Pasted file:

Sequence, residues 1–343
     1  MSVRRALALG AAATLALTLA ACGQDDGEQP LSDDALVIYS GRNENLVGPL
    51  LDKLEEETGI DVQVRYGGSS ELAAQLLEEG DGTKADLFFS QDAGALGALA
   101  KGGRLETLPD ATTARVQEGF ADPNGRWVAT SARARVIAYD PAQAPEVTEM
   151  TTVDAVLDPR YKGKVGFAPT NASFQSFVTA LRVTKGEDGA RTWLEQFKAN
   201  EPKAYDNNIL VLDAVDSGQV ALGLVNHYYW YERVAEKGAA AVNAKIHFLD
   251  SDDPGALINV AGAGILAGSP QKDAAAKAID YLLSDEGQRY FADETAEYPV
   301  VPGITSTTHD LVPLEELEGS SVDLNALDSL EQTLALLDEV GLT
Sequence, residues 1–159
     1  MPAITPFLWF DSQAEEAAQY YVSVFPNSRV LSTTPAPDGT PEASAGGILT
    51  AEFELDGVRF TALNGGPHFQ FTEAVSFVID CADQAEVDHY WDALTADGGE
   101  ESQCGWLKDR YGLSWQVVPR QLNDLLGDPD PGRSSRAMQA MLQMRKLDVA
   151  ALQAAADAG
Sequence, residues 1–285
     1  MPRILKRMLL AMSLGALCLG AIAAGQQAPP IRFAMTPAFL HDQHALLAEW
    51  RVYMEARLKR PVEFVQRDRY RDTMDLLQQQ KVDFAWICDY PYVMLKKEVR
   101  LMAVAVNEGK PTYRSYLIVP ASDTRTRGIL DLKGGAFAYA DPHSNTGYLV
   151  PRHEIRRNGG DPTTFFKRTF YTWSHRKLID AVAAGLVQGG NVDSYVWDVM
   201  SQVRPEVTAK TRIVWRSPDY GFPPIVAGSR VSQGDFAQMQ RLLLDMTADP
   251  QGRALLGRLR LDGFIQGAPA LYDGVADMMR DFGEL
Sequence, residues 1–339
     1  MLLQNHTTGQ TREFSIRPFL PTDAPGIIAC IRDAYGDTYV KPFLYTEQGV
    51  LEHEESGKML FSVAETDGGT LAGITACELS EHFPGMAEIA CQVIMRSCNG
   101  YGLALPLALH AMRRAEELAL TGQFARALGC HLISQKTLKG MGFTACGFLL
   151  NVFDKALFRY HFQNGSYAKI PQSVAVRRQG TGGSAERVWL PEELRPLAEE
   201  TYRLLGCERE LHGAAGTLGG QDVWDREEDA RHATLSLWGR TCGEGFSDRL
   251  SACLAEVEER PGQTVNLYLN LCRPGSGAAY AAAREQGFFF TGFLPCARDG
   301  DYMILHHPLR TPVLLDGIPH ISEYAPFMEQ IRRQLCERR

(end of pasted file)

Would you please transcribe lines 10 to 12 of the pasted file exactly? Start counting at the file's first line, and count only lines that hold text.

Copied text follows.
     1  MPAITPFLWF DSQAEEAAQY YVSVFPNSRV LSTTPAPDGT PEASAGGILT
    51  AEFELDGVRF TALNGGPHFQ FTEAVSFVID CADQAEVDHY WDALTADGGE
   101  ESQCGWLKDR YGLSWQVVPR QLNDLLGDPD PGRSSRAMQA MLQMRKLDVA